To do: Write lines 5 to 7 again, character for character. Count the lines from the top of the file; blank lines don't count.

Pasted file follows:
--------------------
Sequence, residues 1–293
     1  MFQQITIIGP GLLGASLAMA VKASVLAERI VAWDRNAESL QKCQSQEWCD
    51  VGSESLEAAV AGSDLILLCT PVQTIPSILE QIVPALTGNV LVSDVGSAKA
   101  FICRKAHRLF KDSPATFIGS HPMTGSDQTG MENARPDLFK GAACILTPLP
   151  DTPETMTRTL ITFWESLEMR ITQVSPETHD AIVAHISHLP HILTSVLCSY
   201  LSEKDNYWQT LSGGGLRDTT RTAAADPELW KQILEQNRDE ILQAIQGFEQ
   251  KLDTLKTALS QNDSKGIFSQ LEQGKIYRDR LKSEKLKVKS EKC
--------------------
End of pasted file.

   151  DTPETMTRTL ITFWESLEMR ITQVSPETHD AIVAHISHLP HILTSVLCSY
   201  LSEKDNYWQT LSGGGLRDTT RTAAADPELW KQILEQNRDE ILQAIQGFEQ
   251  KLDTLKTALS QNDSKGIFSQ LEQGKIYRDR LKSEKLKVKS EKC